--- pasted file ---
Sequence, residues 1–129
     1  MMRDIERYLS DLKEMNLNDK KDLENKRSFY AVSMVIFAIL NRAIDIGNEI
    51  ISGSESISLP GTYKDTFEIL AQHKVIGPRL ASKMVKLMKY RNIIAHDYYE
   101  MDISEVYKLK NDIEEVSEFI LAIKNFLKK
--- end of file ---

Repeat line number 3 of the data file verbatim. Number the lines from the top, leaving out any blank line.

    51  ISGSESISLP GTYKDTFEIL AQHKVIGPRL ASKMVKLMKY RNIIAHDYYE